Over 120 humanitarian partners in Yemen are delivering coordinated assistance out of five hubs in Aden, Hudaydah, Ibb, Sa’ada, and Sana’a. From January to April this year, humanitarian partners reached 4.3 million people. However, at a time when the Yemen Humanitarian Response Plan is only 33 per cent funded ($688 million of $2.1 billion), humanitarians have had to use resources programmed for food security or malnutrition to combat the unprecedented cholera outbreak which has surged beyond initial estimates. (OCHA, 12 July 2017)
On 3 July 2017, the Humanitarian Country Team (HCT) determined that the outbreak has surpassed the capacity of WASH and Health partners and there is a need for a system wide response. Thus, the HCT has called on other clusters to mobilize partners from across all sectors for engagement in the response. For the Shelter/NFI/CCCM Cluster partners, involvement revolves around cholera prevention activities: namely spreading cholera prevention messaging through distribution of IEC materials as well as coupling of Shelter activities with WASH activities. The Cluster Coordination Team shared the approved IEC materials by the WASH Cluster and ensured that partners with funds could intervene in a joint Shelter and WASH response in IDPs spontaneous settlements, collective centers and small shelter units. (UNHCR, 31 July 2017)
An emergency US$200 million grant announced by the World Bank aims to expand the scope of the ongoing Emergency Health and Nutrition Project (EHNP) to reach a total of 13 million Yemenis with essential health and nutrition services and 4.5 million Yemenis with access to water and sanitation services. The integrated support package financed by the new grant will include; the training of 7,500 health workers, strengthening the local capacity to treat and manage cholera cases; a provision of bulk chlorination of water supplies; the rehabilitation of critical wastewater treatment plants; support for mass communication and social mobilization campaigns; and support for one the largest ever cholera vaccine campaigns aiming to reach millions of Yemenis. (World Bank, 25 Aug 2017)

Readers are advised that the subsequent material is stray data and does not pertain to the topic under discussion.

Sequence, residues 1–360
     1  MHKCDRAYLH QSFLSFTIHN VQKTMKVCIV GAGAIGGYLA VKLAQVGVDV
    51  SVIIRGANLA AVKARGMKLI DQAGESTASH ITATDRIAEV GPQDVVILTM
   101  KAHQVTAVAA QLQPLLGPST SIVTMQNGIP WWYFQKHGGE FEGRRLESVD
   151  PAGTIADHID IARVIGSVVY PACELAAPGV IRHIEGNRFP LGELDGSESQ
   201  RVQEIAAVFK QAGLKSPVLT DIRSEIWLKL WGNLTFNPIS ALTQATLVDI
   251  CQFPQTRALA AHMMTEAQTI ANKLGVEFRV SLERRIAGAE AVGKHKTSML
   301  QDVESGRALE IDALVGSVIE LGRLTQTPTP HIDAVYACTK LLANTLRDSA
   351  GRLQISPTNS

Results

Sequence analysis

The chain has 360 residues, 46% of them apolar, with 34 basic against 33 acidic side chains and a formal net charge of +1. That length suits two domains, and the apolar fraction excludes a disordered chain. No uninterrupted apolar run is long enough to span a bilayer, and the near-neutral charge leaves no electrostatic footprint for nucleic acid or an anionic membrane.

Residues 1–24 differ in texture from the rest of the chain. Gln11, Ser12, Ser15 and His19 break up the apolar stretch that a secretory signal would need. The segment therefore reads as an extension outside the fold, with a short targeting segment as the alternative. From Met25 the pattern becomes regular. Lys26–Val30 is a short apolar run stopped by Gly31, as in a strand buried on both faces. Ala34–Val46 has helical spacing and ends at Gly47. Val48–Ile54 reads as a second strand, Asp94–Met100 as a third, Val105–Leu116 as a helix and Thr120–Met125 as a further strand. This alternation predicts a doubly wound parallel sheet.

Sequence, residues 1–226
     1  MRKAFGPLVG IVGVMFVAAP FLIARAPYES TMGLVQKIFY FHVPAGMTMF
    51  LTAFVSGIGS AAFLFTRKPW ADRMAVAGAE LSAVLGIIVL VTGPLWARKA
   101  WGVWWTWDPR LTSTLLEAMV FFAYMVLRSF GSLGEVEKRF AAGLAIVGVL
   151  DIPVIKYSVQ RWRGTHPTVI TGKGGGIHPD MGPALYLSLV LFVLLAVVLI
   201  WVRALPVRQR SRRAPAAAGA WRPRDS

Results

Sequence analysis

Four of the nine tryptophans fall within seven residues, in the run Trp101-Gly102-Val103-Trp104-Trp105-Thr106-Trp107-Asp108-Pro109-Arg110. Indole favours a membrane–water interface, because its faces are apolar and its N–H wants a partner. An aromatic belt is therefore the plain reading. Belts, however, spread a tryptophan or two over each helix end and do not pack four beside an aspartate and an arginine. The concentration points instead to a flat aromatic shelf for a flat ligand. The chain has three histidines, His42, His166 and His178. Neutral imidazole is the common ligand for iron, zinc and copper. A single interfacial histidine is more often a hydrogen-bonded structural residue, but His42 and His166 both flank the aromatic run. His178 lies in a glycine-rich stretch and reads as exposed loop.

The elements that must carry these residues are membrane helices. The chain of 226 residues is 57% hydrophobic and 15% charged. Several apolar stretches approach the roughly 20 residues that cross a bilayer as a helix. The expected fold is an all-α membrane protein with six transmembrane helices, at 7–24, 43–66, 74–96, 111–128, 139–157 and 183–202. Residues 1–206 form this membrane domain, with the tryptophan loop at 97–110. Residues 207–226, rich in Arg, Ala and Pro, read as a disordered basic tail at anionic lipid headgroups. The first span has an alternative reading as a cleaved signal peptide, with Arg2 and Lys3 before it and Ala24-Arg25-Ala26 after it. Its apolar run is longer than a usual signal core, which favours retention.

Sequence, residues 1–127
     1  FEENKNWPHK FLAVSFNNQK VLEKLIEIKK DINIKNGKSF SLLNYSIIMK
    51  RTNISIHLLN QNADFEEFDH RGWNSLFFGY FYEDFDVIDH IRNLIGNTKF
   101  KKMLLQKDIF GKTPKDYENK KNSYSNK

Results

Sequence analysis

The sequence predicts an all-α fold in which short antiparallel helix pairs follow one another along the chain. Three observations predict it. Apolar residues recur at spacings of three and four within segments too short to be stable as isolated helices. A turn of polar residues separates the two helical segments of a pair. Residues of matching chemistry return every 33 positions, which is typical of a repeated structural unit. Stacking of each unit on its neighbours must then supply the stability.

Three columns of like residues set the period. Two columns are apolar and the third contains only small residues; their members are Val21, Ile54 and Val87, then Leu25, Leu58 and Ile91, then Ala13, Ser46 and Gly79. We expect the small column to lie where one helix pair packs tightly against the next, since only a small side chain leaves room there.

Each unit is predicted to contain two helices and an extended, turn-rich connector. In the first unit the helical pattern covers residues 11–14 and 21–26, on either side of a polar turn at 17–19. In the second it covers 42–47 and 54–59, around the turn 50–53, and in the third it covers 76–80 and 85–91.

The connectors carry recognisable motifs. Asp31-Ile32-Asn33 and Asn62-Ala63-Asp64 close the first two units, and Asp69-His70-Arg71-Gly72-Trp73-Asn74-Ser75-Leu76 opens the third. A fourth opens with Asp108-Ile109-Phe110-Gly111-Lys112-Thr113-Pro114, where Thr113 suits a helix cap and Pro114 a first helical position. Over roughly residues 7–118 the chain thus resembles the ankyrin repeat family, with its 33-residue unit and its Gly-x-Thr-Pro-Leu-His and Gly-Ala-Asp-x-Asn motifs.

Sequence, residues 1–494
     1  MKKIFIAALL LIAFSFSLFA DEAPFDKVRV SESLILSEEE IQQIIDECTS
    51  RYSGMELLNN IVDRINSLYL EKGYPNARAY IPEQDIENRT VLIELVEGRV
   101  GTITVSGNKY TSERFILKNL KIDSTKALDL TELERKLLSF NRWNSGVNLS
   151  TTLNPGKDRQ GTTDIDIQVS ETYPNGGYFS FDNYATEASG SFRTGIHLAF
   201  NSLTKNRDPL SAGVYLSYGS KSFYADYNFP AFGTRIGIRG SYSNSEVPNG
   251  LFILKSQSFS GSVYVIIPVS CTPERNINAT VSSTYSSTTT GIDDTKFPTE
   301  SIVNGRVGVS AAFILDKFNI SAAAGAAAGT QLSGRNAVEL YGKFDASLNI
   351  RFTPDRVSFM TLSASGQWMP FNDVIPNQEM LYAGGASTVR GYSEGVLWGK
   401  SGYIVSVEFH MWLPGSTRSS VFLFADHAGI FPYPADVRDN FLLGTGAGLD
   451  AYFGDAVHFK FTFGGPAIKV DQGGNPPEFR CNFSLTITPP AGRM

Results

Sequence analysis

As of 26 November, the cumulative total from 27 April 2017 to 26 Nov 2017 is 959,810 suspected cholera cases and 2,219 associated deaths, (CFR 0.23%), 1049 have been confirmed by culture. The national attack rate is 348.51 per 10,000. The five governorates with the highest cumulative attack rates per 10,000 remain Amran (814), Al Mahwit (773), Al Dhale’e (642), Abyan (492) and Sana’a (465). (WHO, 27 Nov 2017)
978,129 suspected cholera cases and 2, 224 associated deaths have been reported across the country between 27 April and 6 December 2017. At this pace, the number of cholera cases will reach one million before the end of the year. With the rainy season coming up (March-June), there are fears that the cholera outbreak might again spiral out of control. (ECHO, 8 Dec 2017)